Fourth Try Socks

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In the knitting world, we call a project “frogged” when an unfixable mistake has occurred or the pattern has stumped the knitter. Sometimes patterns are written poorly, have errors, or are simply beyond the skill level of the knitter. Regardless of the reasons why, it’s alway annoying to label a project as frogged.

The first pair of Horizontal Rib Socks I made turned out perfect. The texture of the rib played nicely with the self-striping yarn and it was the first pair of socks I made that fit my foot without being a touch too snug, (this is a huge victory for newly minted sock knitters!). I added a star to the pattern to designate it as a favorite.

The second pair Horizontal Rib Socks did not go well. Despite using the same yarn (in a different color), my second attempt ended with the first sock being full inch too short and incredibly tight around the foot. I ended up ripping it apart and rewinding the yarn.

The third pair of Horizontal Rib Socks also did not go well. This time the sock ended up far too large and had no elasticity. Frogged again. I almost erased the favorite pattern star.

That was two years ago.

I don’t like losing to a sock pattern. Especially a pattern I’ve conquered before. This is the only reason why I decided to make a fourth attempt on this wretched pattern! I pulled out some Paton’s Kroy sock yarn and loaded up my sock loom for what I hoped would be a sweet victory.

It turns out the fourth try is the charm! This time around, I realized part of the problem was in the foot section of the pattern – instead of two repeats in the stitch pattern, I had to do three to fit the length of my foot. Never underestimate the power of trying on the sock while it’s still on the loom to see whether more length is needed.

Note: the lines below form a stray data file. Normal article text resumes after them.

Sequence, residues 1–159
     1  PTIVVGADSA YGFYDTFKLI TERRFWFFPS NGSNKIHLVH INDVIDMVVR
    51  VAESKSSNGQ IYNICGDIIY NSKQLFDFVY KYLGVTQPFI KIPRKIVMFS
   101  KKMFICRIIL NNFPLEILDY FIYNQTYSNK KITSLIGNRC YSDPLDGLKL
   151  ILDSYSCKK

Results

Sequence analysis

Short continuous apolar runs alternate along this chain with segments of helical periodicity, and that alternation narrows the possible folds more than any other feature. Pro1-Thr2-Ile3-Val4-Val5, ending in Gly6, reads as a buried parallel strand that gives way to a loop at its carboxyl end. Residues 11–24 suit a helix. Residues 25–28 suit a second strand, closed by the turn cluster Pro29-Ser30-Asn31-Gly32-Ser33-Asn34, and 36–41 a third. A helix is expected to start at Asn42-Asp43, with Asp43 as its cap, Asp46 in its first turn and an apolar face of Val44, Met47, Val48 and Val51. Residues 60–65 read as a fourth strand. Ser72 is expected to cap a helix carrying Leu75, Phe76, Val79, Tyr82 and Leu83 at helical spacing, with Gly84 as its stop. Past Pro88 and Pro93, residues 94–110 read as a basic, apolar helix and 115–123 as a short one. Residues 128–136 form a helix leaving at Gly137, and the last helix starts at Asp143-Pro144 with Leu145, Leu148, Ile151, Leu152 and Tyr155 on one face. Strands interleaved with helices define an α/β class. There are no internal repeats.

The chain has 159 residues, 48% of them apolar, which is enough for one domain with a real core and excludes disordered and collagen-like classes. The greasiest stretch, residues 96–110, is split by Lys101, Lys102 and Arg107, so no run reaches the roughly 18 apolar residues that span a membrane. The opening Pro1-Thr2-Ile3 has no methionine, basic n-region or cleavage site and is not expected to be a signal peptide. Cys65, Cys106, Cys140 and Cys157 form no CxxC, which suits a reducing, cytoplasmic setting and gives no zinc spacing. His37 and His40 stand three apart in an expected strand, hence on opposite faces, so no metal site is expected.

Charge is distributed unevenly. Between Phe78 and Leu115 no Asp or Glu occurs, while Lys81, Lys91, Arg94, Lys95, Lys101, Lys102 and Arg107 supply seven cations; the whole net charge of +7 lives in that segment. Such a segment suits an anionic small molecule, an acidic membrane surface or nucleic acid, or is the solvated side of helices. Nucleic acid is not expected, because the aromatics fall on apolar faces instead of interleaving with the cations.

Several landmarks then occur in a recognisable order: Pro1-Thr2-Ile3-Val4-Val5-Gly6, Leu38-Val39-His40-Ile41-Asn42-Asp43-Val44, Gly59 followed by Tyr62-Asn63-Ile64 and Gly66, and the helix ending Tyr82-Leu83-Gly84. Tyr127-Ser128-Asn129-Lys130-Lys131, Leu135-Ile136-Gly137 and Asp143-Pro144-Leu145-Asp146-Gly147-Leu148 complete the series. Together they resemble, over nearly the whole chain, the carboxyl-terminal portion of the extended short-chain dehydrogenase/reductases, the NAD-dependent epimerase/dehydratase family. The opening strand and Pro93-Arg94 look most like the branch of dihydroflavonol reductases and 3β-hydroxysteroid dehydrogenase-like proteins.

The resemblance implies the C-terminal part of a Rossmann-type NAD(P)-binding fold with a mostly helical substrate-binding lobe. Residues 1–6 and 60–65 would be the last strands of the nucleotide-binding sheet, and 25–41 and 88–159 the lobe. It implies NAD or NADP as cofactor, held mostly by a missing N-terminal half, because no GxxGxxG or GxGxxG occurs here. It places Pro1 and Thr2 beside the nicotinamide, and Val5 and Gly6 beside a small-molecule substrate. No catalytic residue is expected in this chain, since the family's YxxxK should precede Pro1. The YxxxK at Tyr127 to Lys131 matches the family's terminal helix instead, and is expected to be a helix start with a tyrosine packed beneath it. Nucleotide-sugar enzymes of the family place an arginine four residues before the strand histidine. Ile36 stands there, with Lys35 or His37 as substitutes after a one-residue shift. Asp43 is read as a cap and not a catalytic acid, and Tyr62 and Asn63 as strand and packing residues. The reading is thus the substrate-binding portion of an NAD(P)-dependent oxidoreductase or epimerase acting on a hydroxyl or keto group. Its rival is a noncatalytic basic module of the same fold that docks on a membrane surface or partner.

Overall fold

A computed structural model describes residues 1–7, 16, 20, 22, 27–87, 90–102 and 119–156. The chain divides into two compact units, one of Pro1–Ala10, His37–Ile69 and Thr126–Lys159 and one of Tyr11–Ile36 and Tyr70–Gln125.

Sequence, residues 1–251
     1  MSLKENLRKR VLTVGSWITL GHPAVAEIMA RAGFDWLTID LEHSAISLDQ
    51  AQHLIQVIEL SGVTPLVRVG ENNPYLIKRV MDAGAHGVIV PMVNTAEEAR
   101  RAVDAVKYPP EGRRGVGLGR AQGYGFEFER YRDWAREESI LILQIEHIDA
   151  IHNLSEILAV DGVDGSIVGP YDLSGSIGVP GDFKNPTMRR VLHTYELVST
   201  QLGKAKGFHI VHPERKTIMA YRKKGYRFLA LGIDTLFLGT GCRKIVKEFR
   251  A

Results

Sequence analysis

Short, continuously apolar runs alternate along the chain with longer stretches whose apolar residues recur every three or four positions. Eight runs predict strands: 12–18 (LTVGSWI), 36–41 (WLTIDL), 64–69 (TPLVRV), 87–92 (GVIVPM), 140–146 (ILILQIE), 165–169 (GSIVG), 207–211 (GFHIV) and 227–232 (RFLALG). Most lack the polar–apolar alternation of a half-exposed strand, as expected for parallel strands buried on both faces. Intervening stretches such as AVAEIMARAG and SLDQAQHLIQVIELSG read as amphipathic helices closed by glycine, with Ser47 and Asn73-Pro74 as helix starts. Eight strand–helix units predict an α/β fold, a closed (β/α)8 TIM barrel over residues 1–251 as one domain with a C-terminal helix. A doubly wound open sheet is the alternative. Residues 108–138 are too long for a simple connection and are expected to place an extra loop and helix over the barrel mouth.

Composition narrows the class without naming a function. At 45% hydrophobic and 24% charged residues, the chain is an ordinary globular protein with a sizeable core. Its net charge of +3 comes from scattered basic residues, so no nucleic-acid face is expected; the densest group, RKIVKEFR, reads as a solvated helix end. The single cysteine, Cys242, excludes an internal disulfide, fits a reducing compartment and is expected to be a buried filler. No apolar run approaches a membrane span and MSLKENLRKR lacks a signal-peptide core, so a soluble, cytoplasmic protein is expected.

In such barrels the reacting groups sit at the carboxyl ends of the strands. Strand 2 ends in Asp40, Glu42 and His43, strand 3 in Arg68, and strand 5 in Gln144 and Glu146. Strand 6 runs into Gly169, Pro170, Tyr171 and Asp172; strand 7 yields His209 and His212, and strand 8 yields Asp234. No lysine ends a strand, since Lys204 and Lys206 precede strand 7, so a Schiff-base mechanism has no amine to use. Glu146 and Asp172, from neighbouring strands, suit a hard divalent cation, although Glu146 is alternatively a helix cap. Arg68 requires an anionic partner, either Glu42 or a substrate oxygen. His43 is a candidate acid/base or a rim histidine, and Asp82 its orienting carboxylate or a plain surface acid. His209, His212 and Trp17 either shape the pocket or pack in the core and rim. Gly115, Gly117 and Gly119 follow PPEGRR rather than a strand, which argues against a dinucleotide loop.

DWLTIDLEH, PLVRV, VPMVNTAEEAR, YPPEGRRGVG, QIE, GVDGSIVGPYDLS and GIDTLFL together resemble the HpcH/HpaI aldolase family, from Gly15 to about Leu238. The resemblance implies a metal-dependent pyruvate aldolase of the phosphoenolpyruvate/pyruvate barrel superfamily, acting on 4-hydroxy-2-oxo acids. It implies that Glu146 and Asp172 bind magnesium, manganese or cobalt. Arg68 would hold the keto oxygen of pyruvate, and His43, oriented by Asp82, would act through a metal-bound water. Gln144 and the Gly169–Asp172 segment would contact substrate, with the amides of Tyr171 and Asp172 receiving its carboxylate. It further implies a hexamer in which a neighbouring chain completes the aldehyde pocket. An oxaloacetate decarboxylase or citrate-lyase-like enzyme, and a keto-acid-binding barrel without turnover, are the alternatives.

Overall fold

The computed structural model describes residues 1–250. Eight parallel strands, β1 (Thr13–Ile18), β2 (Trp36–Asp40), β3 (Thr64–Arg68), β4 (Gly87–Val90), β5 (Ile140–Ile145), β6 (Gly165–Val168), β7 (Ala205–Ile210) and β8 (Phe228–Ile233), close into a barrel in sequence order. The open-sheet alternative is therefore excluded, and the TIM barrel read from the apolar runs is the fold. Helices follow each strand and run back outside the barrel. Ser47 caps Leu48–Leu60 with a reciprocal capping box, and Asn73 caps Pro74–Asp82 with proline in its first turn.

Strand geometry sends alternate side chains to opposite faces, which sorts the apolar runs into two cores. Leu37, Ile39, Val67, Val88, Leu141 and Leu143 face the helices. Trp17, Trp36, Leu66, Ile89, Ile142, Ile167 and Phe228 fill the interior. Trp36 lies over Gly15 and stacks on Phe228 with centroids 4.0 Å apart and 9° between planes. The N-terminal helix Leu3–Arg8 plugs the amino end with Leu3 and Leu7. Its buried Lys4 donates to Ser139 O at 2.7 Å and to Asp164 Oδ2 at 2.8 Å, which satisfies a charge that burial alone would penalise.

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Horizontal Rib Socks in Paton’s Kroy Sock, Bramble Stripes

One thing I’ve learned from this process is that patterns, no matter how well-written, are not set in stone. There is always room for adjustments to achieve a better end result. You just have to be brave enough to look away from the pattern and trust your own skills.

 

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c.b.w. 2016

Tsunami Socks

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While in Portland, Oregon last summer I bought some beautiful hand-spun, hand-dyed sock yarn. I spent more than I should have, but when it comes to finding gorgeous sock yarn in a place I love I’ll pay just about anything to take it home!

Two beautiful skeins from The Yarns of Rhichard Devrieze (Peppino in Class Act) sat in my stash (wrapped in tissue paper) waiting for the perfect sock pattern to come along. I found it six months later in a great little book called Knitted Socks East and West by Judy Sumner. This fantastic collection of Japanese inspired stitch patterns included a pair of socks inspired by tsunami waves and islands. The second I saw them I knew my fancy yarn had met its match.

My Tsunami Socks are my new favorite pair! I love the subtle shades of blue and coral – a perfect combination for the idea of “waves” rolling around “islands.”